DETROIT — Red Sox manager John Farrell demonstrated his faith in embattled closer Andrew Bailey on Thursday night by sending him out to protect a one-run lead in the bottom of the ninth inning against the Tigers.
Those days, temporarily at least, are over. Bailey didn’t get an out, walking Victor Martinez before Jhonny Peralta belted a home run to left field that sent the Sox to a crushing 4-3 loss.
The Red Sox clubhouse was pin-drop quiet after the game. They took a 3-2 lead in the eighth inning on a single by David Ortiz and were poised to win the opener of a four-game series between two division leaders.
John Lackey had pitched seven strong innings to that point. Farrell went to Koji Uehara and he retired the side in order in the bottom of the eighth. Bailey came out for the ninth inning. In two batters, the game was over.
“It’s hard, man,” Ortiz said. “But the hardest thing is to watch a guy like Bailey struggle. That guy has a lot of enthusiasm and he works hard. He goes out there with an attitude. It’s just hard to watch him like this.”
Bailey has blown three of his last five save chances, allowing seven runs on eight hits — four of them home runs — and five walks over four innings. Thirteen of the last 23 batters he has faced have reached base.
“Obviously he’s snake-bit right now,” said Farrell, who agreed with the idea that a new closer is needed, if only to give Bailey a chance to regain his form by pitching in a lesser role.
Sox officials spoke after the game to discuss their options and even Bailey seemed to understand what is coming.
“I haven’t talked to [Farrell] about that. If he feels that need is necessary, that’s his decision,” the righthander said. “I’ve got to go out there and get people out, that’s the bottom line. Whatever situation he wants that in is his call.
“I’ve had success in this league. I know how to get people out. I’ve got to get back to doing it.”
It was stunning how quickly Bailey unraveled this time. He walked Martinez on five pitches, missing badly four times.
“Any time there’s a save opportunity, it’s a cardinal rule. You can’t let the first guy reach base, let alone the tying run,” Bailey said. “Just not being myself out there.”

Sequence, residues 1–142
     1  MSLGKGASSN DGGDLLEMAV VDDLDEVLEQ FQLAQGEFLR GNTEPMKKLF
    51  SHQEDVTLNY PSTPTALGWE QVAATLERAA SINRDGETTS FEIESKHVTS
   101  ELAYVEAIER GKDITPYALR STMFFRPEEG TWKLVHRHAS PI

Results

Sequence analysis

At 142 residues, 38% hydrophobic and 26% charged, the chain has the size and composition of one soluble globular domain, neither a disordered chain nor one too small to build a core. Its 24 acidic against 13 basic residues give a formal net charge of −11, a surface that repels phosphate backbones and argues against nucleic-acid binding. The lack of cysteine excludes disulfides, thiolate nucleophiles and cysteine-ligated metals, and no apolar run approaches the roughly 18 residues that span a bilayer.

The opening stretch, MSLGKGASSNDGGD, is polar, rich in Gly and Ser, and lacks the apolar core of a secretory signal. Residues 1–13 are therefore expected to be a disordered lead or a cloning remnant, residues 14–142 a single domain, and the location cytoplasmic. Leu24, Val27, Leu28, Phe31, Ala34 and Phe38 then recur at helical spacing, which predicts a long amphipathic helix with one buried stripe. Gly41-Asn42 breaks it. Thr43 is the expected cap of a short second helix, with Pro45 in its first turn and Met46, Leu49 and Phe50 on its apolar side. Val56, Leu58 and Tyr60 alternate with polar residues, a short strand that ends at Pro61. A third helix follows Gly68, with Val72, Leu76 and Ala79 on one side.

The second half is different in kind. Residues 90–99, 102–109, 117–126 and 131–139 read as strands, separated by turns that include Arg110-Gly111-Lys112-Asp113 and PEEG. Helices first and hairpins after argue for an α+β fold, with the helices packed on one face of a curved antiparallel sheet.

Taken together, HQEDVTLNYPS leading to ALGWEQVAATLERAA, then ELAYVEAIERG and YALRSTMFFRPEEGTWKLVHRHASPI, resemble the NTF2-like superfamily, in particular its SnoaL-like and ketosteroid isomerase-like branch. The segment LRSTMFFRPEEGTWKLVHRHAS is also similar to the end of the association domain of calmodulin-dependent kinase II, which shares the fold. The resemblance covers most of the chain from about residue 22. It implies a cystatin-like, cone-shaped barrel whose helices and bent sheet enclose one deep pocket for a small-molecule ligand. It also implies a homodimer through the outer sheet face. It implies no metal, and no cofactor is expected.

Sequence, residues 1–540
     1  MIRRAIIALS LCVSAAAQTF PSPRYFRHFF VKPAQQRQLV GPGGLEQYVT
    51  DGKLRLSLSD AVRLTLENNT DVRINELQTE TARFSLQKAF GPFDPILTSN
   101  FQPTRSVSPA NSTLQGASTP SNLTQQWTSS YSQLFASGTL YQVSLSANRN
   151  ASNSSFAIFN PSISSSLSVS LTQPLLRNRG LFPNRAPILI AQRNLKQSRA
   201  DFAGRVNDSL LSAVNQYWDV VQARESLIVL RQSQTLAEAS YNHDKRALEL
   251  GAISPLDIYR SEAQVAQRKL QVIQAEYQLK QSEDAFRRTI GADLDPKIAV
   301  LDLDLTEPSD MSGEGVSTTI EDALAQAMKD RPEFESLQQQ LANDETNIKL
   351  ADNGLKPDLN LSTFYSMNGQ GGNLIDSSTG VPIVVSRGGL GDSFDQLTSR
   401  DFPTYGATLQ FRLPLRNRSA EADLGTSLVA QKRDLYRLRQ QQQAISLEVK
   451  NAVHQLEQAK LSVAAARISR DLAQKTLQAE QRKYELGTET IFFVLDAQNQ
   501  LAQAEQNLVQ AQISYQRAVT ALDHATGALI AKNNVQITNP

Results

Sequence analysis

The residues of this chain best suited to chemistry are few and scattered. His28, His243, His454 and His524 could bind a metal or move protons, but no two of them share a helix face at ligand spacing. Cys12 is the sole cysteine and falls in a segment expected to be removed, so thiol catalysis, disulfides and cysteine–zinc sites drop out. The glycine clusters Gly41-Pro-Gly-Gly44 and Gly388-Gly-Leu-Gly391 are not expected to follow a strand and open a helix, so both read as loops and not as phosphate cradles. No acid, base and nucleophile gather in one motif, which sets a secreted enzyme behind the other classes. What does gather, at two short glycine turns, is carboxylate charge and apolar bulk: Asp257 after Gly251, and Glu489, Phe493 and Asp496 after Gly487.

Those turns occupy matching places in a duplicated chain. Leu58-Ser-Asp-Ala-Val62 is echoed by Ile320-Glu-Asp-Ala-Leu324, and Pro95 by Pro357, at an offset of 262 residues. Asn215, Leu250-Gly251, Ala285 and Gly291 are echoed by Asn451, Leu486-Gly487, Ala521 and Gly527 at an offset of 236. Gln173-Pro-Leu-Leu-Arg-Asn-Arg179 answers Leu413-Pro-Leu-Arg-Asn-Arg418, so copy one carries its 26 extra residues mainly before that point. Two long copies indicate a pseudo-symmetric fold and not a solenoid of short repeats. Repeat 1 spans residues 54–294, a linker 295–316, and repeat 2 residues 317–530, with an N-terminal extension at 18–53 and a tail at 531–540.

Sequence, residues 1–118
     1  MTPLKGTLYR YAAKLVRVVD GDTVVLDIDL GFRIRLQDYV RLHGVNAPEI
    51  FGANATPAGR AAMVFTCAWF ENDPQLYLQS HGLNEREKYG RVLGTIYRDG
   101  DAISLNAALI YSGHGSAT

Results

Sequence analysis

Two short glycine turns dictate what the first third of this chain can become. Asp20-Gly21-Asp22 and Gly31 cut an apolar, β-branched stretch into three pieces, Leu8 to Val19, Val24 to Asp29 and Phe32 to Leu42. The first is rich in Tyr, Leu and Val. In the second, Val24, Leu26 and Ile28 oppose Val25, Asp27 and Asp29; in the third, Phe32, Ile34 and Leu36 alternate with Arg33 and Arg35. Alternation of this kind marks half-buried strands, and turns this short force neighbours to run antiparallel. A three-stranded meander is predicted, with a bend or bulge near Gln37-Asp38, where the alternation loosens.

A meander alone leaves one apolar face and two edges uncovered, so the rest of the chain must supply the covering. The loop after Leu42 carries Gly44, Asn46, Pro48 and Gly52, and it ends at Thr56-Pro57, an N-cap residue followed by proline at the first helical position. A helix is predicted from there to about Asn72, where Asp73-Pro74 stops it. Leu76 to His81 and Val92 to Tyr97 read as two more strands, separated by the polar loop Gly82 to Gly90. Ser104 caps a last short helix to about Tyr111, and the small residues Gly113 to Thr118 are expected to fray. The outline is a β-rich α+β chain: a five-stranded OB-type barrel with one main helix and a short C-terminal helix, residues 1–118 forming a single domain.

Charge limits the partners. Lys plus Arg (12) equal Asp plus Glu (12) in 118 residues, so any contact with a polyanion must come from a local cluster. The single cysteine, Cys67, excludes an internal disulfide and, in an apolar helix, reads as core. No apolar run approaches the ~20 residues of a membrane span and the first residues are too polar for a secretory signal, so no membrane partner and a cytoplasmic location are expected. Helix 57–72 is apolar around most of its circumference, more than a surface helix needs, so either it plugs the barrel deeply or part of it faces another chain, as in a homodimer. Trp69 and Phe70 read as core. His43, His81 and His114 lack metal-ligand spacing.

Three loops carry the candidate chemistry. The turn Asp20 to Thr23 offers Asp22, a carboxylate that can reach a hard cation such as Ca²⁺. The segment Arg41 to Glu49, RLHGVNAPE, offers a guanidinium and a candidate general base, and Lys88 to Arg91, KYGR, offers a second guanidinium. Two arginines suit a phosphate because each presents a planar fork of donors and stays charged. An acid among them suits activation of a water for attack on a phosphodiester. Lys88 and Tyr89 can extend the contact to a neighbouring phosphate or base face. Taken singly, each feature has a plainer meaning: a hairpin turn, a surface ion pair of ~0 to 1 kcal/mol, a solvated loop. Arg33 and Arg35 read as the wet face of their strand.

That has been a problem all season for Bailey. The first batter he faces has reached 11 of 24 times.
With Andrew Miller warming up, Bailey got ahead of Peralta 0-and-2. He threw a fastball high that Peralta took. The next pitch was supposed to be a cut fastball in the dirt.
It was left up and over the plate and Peralta didn’t miss it.
“I had him set up. I just didn’t execute the right pitch,” Bailey said.
Putting hitters away has become an issue for Bailey. He struck out 20 over 12.1 innings before going on the disabled list on April 29 with a biceps strain. In the 11 games since, Bailey has struck out 10 over 10 innings and seen his velocity dip.
“There’s peaks and valleys in this game with velocity and outings. Right now I’ve got a little but of both going, Bailey said.
Bailey says it’s not a physical issue.
“And yet the results are what they are,” Farrell said.
As to what happen now, it seems telling that Miller was the man warming up behind Bailey. Maybe he’ll get a shot at closing. Junichi Tazawa was the temporary closer for a few days earlier this season, although he never got a save chance. Koji Uehara could handle it, too.
A bigger question is whether the Sox will try to kick-start the trade market and get a closer that way. One way or another, moves are coming. Farrell made that clear.
“Yeah, I think so,” he said. “Whether that’s backing him out of that to get him some work to get untracked a little bit more.
“What the other internal options are … in fairness to Andrew and others down there late in the game, we’ll talk about that more internally to make a potential change.”